COVID-19 cases, hospitalizations in West Virginia trending downward
CHARLESTON — It remains to be seen if the trend is a blip, but new COVID-19 cases, active cases and hospitalizations are showing signs of decreasing in West Virginia.
According to an analysis of data released Monday by the Department of Health and Human Resources, the number of positive cases over a 14-day period between Jan. 4 and Sunday was 17,914, which was a 2 percent decrease compared to 18,278 cases during the prior 14-day period.
As of Monday, the most recent data available, the state reported 988 new cases received in a 24-hour period compared to Sunday’s data. The state averaged 1,069 cases per day over a seven-day period, down from 1,485 cases the previous seven days.
Active COVID-19 cases, the number of infected people in self-quarantine or hospitalized, was 26,777 cases as of Monday, a 9 percent decrease from 29,257 active cases seven days ago. All 55 counties have active cases for the 13th week in a row. Active cases have decreased in 42 out of 55 counties.
West Virginia’s Rt number, the rate that shows how quickly the virus is spreading in the community, was 0.85 as of Monday, down from 0.97 last week. The state’s Rt number moved to the best rate in the nation after being second worst three weeks ago. Any Rt value below 1 means the growth of the virus is slowing, while numbers above 1 mean the virus is spreading.
There were 643 hospitalizations as of Monday, down from 755 hospitalizations the previous week, a 15 percent decrease. The average number of hospitalizations between Jan. 4 and Sunday decreased by 1 percent over the average number of hospitalizations the previous 14 days. The number of infected people in intensive care units was 172, down from 212 last week, and 91 people are on ventilators, down from 104 last week.
According to the U.S. Department of Health and Human Services, the percentage of inpatient hospital beds occupied by COVID-19 patients was 15 percent as of Jan. 4, about 2 points lower than the previous average. Out of an estimated 782 ICU beds in the state, 641 beds, or 82 percent of the state’s ICU capacity, is being used.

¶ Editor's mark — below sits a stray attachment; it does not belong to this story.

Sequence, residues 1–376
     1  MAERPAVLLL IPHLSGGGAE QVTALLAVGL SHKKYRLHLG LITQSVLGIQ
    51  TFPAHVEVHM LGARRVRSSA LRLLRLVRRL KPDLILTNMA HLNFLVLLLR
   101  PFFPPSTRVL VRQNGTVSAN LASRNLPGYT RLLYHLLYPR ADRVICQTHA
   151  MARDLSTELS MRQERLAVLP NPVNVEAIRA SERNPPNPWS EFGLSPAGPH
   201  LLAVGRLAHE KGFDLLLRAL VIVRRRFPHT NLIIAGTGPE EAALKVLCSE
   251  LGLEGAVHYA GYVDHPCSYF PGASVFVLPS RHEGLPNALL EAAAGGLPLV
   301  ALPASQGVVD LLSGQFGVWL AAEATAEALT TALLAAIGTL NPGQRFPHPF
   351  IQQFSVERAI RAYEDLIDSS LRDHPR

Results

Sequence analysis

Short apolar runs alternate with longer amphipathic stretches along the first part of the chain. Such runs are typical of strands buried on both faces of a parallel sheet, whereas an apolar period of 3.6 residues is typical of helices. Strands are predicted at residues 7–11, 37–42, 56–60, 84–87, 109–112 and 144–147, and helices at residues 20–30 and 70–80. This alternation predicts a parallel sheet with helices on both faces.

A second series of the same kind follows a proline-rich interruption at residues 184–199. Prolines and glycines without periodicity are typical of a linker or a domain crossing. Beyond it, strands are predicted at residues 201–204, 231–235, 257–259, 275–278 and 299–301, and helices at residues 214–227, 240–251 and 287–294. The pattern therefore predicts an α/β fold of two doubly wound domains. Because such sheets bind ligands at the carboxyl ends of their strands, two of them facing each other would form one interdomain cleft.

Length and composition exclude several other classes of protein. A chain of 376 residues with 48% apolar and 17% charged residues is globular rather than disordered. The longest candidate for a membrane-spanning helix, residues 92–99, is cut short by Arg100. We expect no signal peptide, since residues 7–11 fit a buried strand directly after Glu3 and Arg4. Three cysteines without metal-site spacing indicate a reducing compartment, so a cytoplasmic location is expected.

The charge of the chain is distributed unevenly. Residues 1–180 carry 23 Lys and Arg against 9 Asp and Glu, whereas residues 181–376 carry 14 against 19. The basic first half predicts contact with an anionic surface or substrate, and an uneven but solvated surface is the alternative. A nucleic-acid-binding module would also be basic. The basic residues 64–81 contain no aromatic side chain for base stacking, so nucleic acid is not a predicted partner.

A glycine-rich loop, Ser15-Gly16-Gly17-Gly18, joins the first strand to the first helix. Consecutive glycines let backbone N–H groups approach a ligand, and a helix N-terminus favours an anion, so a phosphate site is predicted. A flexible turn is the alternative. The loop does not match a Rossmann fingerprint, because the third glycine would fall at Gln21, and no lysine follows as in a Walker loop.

It’s unclear if the state’s COVID-19 vaccination effort is having a positive effect on West Virginia’s cases or hospitalizations, but the state continues to lead the nation for the number of shots in arms.
As of Monday, the state had administered 130,600 first doses of either the Pfizer/BioNTech or Moderna vaccines, which is 7 percent of the state’s nearly 1.8 million residents. Both vaccines require two doses each, with the Pfizer vaccine requiring a second shot after 21 days and the Moderna vaccine requiring a second dose after 28 days. Also Monday, 23,092 residents had received their second shot of the vaccines.
COVID-19 testing also is up, helping identify cases early before symptoms worsen. The total numbers of test results over a 14-day period between Jan. 4 and Jan. 17 was 214,023 — a 40 percent increase in testing compared to 152,978 tests results between Dec. 21. through Jan. 3. Over the last seven days, the state conducted an average of 15,432 tests per day, up from 15,164 tests per day the previous week.
Deaths attributed to COVID-19, a lagging indicator, remain at high levels. The state reported 1,784 total COVID-19 deaths as of Monday. There were 400 deaths reported between Jan. 4 and Sunday, a 61 percent increase from the 248 deaths reported the previous 14 days. Over a seven-day period, the state saw an average of 27 deaths per day.
Today marks the first day for public and private schools to re-open for in-person learning under new protocols. Starting today, all counties can re-open Pre-K, elementary, and middle schools for in-person learning. High schools can also re-open as long as their county is not red on the County Alert System map.
On the DHHR County Alert System map, 17 out of 55 counties were listed as red due to either higher infection rates or percent positivity, with 29 counties listed as orange, the second worst color rating, followed by six gold counties and three yellow counties, the next best color to green.
Steven Allen Adams can be reached at firstname.lastname@example.org.